PF: “The idea of promoting a different cultural paradigm . . . is nowadays inconceivable. The technological paradigm has become so dominant that it would be difficult to do without its resources and even more difficult to utilize them without being dominated by their internal logic. It has become counter-cultural to choose a lifestyle whose goals are even partly independent of technology, of its costs and its power to globalize and make us all the same . . . Our capacity to make decisions, a more genuine freedom and the space for each one’s alternative creativity are diminished.”

NO: “Many people will of course misread this message. Already, conservatives are condemning the Encyclical for its failure to celebrate the rewards of capitalism and extol the virtues of carbon markets. Others have misread the letter depriving ‘people of the [technological] tools humanity will need to prevent climatic upheaval.’ These reactions demonstrate why this Encyclical is so important.

NO: “The pope is not asking us to reject markets or technology. He is asking us to reject the (il)logic that insists that only markets can decide our future and that technology is politically and morally neutral. He is asking us to reject the creed of market fundamentalism, and to recognize that the system has levers. Individuals, institutions, and governments are all making choices, and we have the capacity to make different ones.”

Thus ends the Introduction by Naomi Oreskes. She was invited to the “Sustainable Nature, Sustainable Humanity” in May 2014, a meeting of the Pontifical Academy of Sciences that helped to lay the foundations for Pope Francis’s Encyclical. This group was assembled at that time because of Pope Francis’s call to write this letter to the whole world. Pope Francis and his scientific advisors and several learned Jesuits reached out and called in others to come to his aid in providing this timely and important letter for all people in the world to read. Since Naomi Oreskes’s Introduction was such an excellent review of the letter, it seems very likely that she had at least a draft, if not the final one, to write such an informative Introduction. But does it alone suffice? The answer is certainly No, for all of the words of Pope Francis provide an exceptionally clear and inspiring letter.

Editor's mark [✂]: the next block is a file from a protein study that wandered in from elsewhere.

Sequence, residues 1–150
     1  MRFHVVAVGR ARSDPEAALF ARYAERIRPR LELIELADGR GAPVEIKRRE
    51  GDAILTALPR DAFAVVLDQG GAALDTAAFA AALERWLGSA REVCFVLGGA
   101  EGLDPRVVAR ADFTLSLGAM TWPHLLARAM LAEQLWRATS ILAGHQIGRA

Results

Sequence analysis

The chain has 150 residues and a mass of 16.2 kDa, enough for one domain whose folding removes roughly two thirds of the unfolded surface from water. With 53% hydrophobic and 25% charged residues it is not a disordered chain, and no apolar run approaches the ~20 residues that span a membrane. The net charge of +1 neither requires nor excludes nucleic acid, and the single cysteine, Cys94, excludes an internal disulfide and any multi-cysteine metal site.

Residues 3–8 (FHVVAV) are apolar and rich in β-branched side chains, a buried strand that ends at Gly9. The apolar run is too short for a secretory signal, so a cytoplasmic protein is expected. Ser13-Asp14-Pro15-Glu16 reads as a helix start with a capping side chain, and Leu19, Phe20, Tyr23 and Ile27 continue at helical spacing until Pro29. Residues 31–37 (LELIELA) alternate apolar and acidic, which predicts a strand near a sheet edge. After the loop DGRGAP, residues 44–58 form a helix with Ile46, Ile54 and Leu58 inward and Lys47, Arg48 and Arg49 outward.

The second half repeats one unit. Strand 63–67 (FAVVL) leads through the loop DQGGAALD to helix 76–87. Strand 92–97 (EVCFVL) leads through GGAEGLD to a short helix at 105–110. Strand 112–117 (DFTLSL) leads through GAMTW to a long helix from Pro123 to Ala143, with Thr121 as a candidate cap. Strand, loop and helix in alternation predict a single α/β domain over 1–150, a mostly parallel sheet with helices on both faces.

I feel very strongly that everybody should read and understand the need for this excellent book, for the implications of the issues so well addressed in this book are for vitally important for all of humanity. I rate this book at five stars, but with my emphatic comment “think six stars!” Perhaps for the first time I should up the “think six stars!” to “think sever stars!” I urge everyone read it and discuss it with many others, to help spread the word of the importance for the future of humanity to absorb Pope Francis’s message.